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Jackson-pratt Drain Care
WHAT YOU NEED TO KNOW:
What is a Jackson-Pratt drain and how does it work?
- A Jackson-Pratt (JP) drain is used to remove fluids that build up in an area of your body after surgery. The JP drain is a bulb-shaped device connected to a tube. One end of the tube is placed inside you during surgery. The other end comes out through a small cut in your skin. The bulb is connected to this end. You may have a stitch to hold the tube in place.
- The JP drain removes fluids by creating suction in the tube. The bulb is squeezed flat and connected to the tube that sticks out of your body. The bulb expands as it fills with fluid.
How do I change the bandage around my Jackson-Pratt drain?
If you have a bandage, change it once a day. You may need to change your bandage more than once a day if it gets completely wet.
- Wash your hands with soap and water.
- Loosen the tape and gently remove the old bandage. Throw the old bandage into a plastic trash bag.
- Use soap and water or saline (salt water) solution to clean your JP drain site. Dip a cotton swab or gauze pad in the solution and gently clean your skin.
- Pat the area dry.
- Place a new bandage on your JP drain site and secure it to your skin with medical tape.
- Wash your hands.
How do I empty the Jackson-Pratt drain?
Empty the bulb when it is half full or every 8 to 12 hours.
- Wash your hands with soap and water.
- Remove the plug from the bulb.
- Pour the fluid into a measuring cup.
- Clean the plug with an alcohol swab or a cotton ball dipped in rubbing alcohol.
- Squeeze the bulb flat and put the plug back in. The bulb should stay flat until it starts to fill with fluid again.
- Measure the amount of fluid you pour out. Write down how much fluid you empty from the JP drain and the date and time you collected it.
- Flush the fluid down the toilet. Wash your hands.
What should I do if the tubing becomes clogged?
Use the following steps to clear your Jackson-Pratt tubing:
- Hold the tubing between your thumb and first finger at the place closest to your skin. This hand will prevent the tube from being pulled out of your skin.
- Use your other thumb and first finger to slide the clog down the tubing toward the bulb. You may have to repeat the sliding until the tubing is unclogged.
When will my Jackson-Pratt drain be removed?
The amount of fluid that you drain will decrease as your wound heals. The JP drain usually is removed when less than 30 milliliters (2 tablespoons) is collected in 24 hours. Ask your healthcare provider when and how your JP drain will be removed.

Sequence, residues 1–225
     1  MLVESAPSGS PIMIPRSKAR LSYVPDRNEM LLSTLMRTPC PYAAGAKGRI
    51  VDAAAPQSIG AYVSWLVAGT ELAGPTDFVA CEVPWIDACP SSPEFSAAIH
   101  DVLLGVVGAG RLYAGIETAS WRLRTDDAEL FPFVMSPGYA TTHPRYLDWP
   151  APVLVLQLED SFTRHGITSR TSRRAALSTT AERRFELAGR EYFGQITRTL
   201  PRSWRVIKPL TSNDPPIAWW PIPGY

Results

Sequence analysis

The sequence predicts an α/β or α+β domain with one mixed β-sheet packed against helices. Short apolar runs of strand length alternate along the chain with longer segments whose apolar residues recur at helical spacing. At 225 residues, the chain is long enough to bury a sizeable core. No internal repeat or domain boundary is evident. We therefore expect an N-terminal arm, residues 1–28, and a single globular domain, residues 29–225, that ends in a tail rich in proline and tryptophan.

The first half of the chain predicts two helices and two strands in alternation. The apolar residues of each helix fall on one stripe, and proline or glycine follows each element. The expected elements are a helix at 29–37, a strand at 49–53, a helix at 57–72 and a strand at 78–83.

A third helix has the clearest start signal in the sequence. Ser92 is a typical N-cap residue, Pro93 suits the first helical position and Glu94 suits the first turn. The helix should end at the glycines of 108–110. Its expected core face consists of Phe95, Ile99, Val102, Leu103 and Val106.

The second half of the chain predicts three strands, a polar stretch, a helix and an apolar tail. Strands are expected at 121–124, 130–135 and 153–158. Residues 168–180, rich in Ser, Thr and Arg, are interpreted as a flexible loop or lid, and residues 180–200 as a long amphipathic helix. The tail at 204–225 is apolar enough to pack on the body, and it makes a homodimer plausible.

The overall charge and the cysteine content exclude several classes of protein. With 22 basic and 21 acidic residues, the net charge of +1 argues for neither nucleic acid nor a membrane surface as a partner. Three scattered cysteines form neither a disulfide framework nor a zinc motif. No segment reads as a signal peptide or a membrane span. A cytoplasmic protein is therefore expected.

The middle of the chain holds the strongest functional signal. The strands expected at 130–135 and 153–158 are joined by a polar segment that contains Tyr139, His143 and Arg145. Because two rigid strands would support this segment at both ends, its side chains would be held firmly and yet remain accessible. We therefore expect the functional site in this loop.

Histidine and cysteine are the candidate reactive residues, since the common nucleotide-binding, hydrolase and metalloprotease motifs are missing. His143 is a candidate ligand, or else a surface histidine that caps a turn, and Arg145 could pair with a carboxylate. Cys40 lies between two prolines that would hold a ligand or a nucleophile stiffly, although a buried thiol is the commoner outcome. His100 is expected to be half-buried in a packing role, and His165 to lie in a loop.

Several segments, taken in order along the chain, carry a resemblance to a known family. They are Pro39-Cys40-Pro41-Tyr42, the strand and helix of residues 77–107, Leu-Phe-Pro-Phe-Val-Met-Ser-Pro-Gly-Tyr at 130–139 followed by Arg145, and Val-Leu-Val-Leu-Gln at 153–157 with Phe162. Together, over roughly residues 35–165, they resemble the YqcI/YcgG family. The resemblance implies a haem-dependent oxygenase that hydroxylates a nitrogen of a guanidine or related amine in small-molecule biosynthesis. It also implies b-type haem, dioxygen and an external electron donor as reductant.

What are the risks of having a Jackson-Pratt drain?
The JP drain site may be painful. You may have trouble lying on the side with your JP drain. Your JP drain site may leak. The JP drain may be pulled out by accident. The tubing may get blocked, crack, or break. The tubing may damage your tissue. You may have a scar. The JP drain site may get infected. This infection could spread inside your body.
When should I seek immediate care?
- Your JP drain breaks or comes out.
- You have cloudy yellow or brown drainage from your JP drain site, or the drainage smells bad.
When should I contact my healthcare provider?
- You drain less than 30 milliliters (2 tablespoons) in 24 hours. This may mean your drain can be removed.
- You suddenly stop draining fluid or think your JP drain is blocked.
- You have a fever higher than 101.5°F (38.6°C).
- You have increased pain, redness, or swelling around the drain site.
- You have questions about your JP drain care.
Care AgreementYou have the right to help plan your care. Learn about your health condition and how it may be treated. Discuss treatment options with your caregivers to decide what care you want to receive. You always have the right to refuse treatment. The above information is an educational aid only. It is not intended as medical advice for individual conditions or treatments. Talk to your doctor, nurse or pharmacist before following any medical regimen to see if it is safe and effective for you.
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The above information is an educational aid only. It is not intended as medical advice for individual conditions or treatments. Talk to your doctor, nurse or pharmacist before following any medical regimen to see if it is safe and effective for you.